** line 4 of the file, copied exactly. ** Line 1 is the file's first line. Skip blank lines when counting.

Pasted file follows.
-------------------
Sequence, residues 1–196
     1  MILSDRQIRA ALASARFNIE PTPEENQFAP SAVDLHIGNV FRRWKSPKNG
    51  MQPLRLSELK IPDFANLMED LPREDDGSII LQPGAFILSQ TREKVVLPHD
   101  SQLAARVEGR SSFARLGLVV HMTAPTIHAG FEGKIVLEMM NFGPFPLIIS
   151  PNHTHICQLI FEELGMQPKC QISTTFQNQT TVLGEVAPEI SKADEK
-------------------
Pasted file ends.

   101  SQLAARVEGR SSFARLGLVV HMTAPTIHAG FEGKIVLEMM NFGPFPLIIS